Eating Well - Without Breaking The Bank


Published For The Corridor

Food And Water, Long Island Obsessions

Everyone is trying to economize. However, the need to reduce expenses does not mean that one must reduce one’s diet to a boring, bland survival menu. It is difficult to economize when flying fresh raspberries from the far side of the globe for the pleasure of a fresh raspberry tart for New Year’s Day. However, there are many alternatives far short of spending the summer home canning and freezing. It is a simple matter of adopting the tactical approach from an earlier time, when perishable food products were not transported across great distances.

Local, seasonal foods are generally least expensive. Getting the most “bang for the buck” requires a slightly different approach than writing a shopping list from a desired menu. It requires either research in advance, or a very flexible meal plan. It requires almost going back to the days when the visit to the market was done without a pre-planned menu. Technology can be more than a friend in this pursuit.

Checking the sale flyers is a classic tactic. Today, even if the flyer did not arrive, it is a simple matter to check out the local supermarket specials and find out what is on special using the store’s web site. A supermarket with an extensive cheese department may have interesting specials that allow you to extend your budget to include items that are normally luxury goods. While a soft cheese, such as brie, may not have a long shelf life; hard cheeses such as Parmigianno Reggiano can be kept for months.

While doing non-food related errands, keep a watch on the windows of local merchants, even the ones that you do not normally patronize. The other day, I spotted sales of both lamb and beef at prices of approximately $ 4.00/lb. Granted, these were sales of whole legs of lamb, and beef cuts such as Eye Round, but most butchers will slice the leg into chops on request, and it is straightforward to cut up a piece of Eye Round if a whole roast is not desired.

With the coming of spring, there will be seasonal seafood available. The prices will often be far less than the prices for items that are sourced from distant countries. Being a locavore is economical on the pocketbook and contributes to conservation. Again, all it takes is a few minutes of research to find recipes and background information about previously un-sampled seafood.

Similarly, keeping an open mind on food items can be tremendously enabling. Several years ago, a cousin of mine and his wife joined a pool for purchasing produce. Each week, they received a medium sized box of vegetables. It was a weekly holiday present. Each week, they would discover what vegetables were featured that week. Often, dash for the bookshelf was the step AFTER opening the weekly box. They were part of this program before the proliferation of food- related web sites. Today, even more information is at your fingertips.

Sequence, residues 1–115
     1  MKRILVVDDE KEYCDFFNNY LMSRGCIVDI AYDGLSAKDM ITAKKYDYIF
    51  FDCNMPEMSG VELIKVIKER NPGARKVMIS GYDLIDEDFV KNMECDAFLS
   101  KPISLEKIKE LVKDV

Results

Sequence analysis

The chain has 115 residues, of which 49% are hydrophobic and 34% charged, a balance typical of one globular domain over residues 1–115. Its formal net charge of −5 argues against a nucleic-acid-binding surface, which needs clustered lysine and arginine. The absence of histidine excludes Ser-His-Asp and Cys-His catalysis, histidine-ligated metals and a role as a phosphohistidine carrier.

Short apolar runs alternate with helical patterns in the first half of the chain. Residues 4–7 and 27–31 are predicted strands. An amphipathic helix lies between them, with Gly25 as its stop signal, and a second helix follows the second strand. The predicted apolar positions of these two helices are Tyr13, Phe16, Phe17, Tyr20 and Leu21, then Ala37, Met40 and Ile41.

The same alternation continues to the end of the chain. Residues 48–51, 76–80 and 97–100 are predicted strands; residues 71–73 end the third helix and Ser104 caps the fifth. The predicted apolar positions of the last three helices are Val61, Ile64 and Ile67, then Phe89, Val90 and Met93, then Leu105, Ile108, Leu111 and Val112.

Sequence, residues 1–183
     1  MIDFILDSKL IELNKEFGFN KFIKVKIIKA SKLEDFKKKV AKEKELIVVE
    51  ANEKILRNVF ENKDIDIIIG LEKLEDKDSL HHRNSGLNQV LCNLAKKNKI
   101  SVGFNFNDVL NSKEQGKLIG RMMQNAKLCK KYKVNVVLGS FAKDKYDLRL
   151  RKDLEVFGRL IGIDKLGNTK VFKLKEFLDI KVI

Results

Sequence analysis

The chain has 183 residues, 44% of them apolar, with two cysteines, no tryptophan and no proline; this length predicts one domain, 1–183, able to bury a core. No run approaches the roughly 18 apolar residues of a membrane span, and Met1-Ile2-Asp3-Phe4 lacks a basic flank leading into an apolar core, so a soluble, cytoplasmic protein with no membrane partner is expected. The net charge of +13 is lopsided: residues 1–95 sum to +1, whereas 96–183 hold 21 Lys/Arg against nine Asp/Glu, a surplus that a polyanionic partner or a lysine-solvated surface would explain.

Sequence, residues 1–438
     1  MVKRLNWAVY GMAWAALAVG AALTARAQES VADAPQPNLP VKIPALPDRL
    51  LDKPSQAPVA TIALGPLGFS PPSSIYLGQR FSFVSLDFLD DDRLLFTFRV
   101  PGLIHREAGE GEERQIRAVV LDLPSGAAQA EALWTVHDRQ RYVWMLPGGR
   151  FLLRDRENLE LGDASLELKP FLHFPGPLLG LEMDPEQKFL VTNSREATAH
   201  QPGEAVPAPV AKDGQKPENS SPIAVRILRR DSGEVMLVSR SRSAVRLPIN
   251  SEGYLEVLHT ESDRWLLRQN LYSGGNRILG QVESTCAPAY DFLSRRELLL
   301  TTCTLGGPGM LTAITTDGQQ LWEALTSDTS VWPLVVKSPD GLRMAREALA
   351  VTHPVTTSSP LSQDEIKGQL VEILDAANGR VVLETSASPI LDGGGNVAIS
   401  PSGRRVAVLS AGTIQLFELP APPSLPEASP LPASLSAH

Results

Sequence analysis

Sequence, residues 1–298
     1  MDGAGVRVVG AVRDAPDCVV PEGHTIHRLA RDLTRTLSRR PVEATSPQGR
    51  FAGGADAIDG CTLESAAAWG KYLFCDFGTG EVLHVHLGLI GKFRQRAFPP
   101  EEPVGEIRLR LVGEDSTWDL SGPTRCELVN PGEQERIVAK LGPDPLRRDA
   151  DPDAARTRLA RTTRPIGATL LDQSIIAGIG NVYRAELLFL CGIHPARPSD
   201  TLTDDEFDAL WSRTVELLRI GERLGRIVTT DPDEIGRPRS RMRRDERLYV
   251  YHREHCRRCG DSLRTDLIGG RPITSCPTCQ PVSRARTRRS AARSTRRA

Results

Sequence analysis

For produce, there are more sources than large supermarkets. While there are fewer farms in the vicinity of the Rt. 110 corridor than in the past, there are still some small farms, which will have farm stands for fresh produce now that the growing season is starting. There are also smaller specialty markets that limit their breadth, but often have high quality produce.

Lastly, do not forget the number of ethnic small markets that are located on Jericho Turnpike and other major shopping streets. If your palate is adventurous, products are often available that are not easily, or inexpensively available in mainline supermarkets. Different national cuisines feature different items, but often the focused ethnic markets have better selections of these specialties at better prices than conventional supermarkets. These items include cheeses, special produce, baking supplies, meats, and pasta. Rice pasta is sometimes available in a supermarket, often in limited choices. A niche asian grocery or supermarket (H&Y, Plainview and South Oyster Bay Roads) will have a wide selection of different pastas, rices, and other supplies used in different asian cuisines. It may not be worth a separate trip, but if you pass one of these markets with a little spare time, take 10-15 minutes and stroll the aisles.

The fact that an overwhelming volume of recipes and other information is available on the web should not prevent you from sitting down with a cookbook. For simple browsing, the local public library often has a wide sampling of cookbooks, as do various booksellers, be they Book Revue (in Downtown Huntington), Barnes & Noble (on Rt. 110 in the xxx(?) shopping center, B Daltons and William Sonoma (in Walt Whitman Mall), or Borders (in Farmingdale on Rt. 110).

Often, while a cookbook or online recipe may not be quite the right taste, there will be useful information about the featured ingredient. Don’t let that stop you. Knowledge is power, and a little thinking can go a long way toward avoiding mealtime boredom while economizing.

Mr. Gezelter’s email is, visit his website at

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